Rear Admiral Joseph Wey in conversation with Captain William David Scott in Wey’s office at Naval Headquarters in Lagos.
There has always been two sides to the depiction of the careers of sailors. The press-ganged, scurvy-enduring man-on-deck who braved the elements and partook in merciless warfare on the high-seas is as imprinted in the popular imagination as is that of the adventure-seeking, hard-drinking sailor who had a girl in every port.
One side of the coin is the gritty realism of war as portrayed in Nicholas Monsarrat’s 1951 novel The Cruel Sea, which was made into a memorable film a few years later. During war there are endless drills, hours of enforced silence in darkness and the constant fear of death within a floating coffin.
But the other side, that of the peacetime navy, is one which can be a very attractive one for both officers and men. The “Run ashores” and “Rum Tots” bear testament to the arcane rites that are part of naval life as well as the rich lexicon of expression.
For Captain William David Scott, the command of HMS Fife, a 6,000-ton county-class destroyer equipped with guided missiles and Wessex helicopter, there were many responsibilities and challenges in a peacetime navy which operated as an integral part of NATO during the Cold War with the Soviet Union.
The vessel was designed to operate in areas of nuclear fall-out. Its three main roles were to serve as an escort, to provide task unit support and to carry out peace time police duties.
But the compensations in observing these duties and remaining in a state of preparedness spoke for themselves. Among the destinations visited by Captain Scott and his 500-man crew during a round-the-world tour between 1970 and 1971 were Hawaii, Singapore, Nigeria, Japan and Hong Kong.
HMS Fife visited Lagos, Nigeria for four days in April, 1970. Nigeria, a former colony of Britain, had been independent for a decade, but had endured a two and a half year civil war that had only ended three months earlier.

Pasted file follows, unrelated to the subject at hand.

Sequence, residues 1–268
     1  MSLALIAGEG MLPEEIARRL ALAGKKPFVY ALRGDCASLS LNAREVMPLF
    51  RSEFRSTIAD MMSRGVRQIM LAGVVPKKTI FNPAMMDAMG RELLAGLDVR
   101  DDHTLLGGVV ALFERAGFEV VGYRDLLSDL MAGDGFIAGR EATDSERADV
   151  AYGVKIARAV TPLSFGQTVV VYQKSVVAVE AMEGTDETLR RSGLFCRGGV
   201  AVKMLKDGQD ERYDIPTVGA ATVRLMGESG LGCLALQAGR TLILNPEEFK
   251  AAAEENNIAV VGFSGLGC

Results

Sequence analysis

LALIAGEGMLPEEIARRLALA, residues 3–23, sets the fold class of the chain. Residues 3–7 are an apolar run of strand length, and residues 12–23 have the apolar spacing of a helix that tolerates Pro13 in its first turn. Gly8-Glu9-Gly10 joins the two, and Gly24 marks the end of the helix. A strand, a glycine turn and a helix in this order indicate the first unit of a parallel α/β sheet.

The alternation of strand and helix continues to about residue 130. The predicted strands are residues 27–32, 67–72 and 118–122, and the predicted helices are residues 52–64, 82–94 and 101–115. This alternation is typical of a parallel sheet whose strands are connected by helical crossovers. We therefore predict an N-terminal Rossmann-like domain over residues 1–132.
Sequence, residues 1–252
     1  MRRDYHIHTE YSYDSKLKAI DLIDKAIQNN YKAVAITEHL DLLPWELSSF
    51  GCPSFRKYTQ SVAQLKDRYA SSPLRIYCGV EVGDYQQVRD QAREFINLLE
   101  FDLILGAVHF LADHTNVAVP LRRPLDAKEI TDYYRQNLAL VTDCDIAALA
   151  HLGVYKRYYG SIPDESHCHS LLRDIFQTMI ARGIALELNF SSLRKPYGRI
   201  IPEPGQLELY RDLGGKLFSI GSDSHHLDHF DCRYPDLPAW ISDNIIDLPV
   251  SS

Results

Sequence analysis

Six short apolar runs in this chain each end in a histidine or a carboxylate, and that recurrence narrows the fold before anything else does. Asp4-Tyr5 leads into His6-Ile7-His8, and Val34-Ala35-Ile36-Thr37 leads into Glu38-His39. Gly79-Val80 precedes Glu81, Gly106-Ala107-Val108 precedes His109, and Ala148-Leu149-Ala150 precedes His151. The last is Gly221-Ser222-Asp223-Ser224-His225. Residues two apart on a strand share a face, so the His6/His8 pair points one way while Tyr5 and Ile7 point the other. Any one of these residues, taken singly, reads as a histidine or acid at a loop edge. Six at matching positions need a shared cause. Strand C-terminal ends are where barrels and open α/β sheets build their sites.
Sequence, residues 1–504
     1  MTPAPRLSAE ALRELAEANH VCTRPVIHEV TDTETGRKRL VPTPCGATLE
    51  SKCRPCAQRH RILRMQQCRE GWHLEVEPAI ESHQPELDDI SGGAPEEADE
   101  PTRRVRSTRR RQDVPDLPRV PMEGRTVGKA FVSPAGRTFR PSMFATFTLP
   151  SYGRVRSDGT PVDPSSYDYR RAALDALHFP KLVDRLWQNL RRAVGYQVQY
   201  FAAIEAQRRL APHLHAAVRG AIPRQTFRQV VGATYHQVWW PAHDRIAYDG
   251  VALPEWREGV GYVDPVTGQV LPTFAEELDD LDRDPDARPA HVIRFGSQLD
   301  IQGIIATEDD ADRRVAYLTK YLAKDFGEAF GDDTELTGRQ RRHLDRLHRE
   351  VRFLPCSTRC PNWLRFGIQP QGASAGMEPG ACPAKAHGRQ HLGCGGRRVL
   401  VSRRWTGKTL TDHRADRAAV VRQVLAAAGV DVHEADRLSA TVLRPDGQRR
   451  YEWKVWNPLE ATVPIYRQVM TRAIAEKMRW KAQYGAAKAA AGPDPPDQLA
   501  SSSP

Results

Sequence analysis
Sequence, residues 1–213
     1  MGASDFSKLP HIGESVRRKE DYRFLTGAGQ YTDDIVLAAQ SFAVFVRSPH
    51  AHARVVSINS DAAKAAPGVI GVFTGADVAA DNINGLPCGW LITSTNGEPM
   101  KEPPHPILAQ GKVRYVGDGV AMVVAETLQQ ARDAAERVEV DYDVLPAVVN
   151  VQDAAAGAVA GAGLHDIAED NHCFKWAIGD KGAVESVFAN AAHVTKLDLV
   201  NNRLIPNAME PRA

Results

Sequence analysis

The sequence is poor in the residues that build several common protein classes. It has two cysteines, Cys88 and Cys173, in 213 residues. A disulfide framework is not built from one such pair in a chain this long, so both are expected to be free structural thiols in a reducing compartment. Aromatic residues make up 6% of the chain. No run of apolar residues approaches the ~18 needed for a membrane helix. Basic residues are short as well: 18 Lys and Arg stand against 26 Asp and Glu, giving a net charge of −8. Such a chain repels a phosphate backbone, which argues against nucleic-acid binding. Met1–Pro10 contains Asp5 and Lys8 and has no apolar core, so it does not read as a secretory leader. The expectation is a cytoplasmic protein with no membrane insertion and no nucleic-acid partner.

Among the visitors to the ship was Rear Admiral Joseph Wey, the Chief of Nigerian Naval Staff who had presided over the Nigerian Navy’s role in enforcing a littoral blockade of the secessionist state of Biafra. Scott gave him a tour of the ship and Wey later entertained him on shore at the naval base. Some of Fife’s crew partook in a football friendly with Nigerian naval personnel.
Fife holds the distinction of being the last Royal Navy ship to issue the rum tot. Photographs of the funeral of the rum tot barrel and others covering Scott’s naval career can be viewed at Maritime Quest dot com. [Click HERE]
HMS Fife was decommissioned in 1987 after 21 years service and sold to the Chilean Navy in which it operated under the name Blanco Encalada. Captain Scott, who was later knighted, retired as a rear admiral. Rear Admiral Wey, who also served as the Chief of Staff Supreme Headquarters in Nigeria’s military government was compulsorily retired after a military coup in July 1975, having attained the rank of vice admiral.
© Adeyinka Makinde (2019)
Adeyinka Makinde is a writer based in London, England.
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